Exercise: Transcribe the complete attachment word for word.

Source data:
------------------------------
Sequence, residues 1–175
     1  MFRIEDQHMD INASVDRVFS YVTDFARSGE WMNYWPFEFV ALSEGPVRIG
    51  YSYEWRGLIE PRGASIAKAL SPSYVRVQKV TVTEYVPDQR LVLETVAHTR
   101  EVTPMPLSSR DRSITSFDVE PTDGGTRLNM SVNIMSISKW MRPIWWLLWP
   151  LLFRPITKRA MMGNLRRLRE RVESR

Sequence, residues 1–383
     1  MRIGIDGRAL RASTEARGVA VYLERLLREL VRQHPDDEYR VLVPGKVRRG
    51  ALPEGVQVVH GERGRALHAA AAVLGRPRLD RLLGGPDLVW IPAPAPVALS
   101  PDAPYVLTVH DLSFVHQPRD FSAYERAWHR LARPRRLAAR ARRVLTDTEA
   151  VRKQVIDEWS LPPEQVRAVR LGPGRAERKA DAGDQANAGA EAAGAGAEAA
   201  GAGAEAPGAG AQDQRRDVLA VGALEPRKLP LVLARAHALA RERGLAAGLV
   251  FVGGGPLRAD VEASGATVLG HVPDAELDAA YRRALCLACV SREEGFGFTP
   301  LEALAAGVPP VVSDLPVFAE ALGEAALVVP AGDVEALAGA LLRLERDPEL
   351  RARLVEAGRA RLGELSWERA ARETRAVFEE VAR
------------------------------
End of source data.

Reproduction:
Sequence, residues 1–175
     1  MFRIEDQHMD INASVDRVFS YVTDFARSGE WMNYWPFEFV ALSEGPVRIG
    51  YSYEWRGLIE PRGASIAKAL SPSYVRVQKV TVTEYVPDQR LVLETVAHTR
   101  EVTPMPLSSR DRSITSFDVE PTDGGTRLNM SVNIMSISKW MRPIWWLLWP
   151  LLFRPITKRA MMGNLRRLRE RVESR

Sequence, residues 1–383
     1  MRIGIDGRAL RASTEARGVA VYLERLLREL VRQHPDDEYR VLVPGKVRRG
    51  ALPEGVQVVH GERGRALHAA AAVLGRPRLD RLLGGPDLVW IPAPAPVALS
   101  PDAPYVLTVH DLSFVHQPRD FSAYERAWHR LARPRRLAAR ARRVLTDTEA
   151  VRKQVIDEWS LPPEQVRAVR LGPGRAERKA DAGDQANAGA EAAGAGAEAA
   201  GAGAEAPGAG AQDQRRDVLA VGALEPRKLP LVLARAHALA RERGLAAGLV
   251  FVGGGPLRAD VEASGATVLG HVPDAELDAA YRRALCLACV SREEGFGFTP
   301  LEALAAGVPP VVSDLPVFAE ALGEAALVVP AGDVEALAGA LLRLERDPEL
   351  RARLVEAGRA RLGELSWERA ARETRAVFEE VAR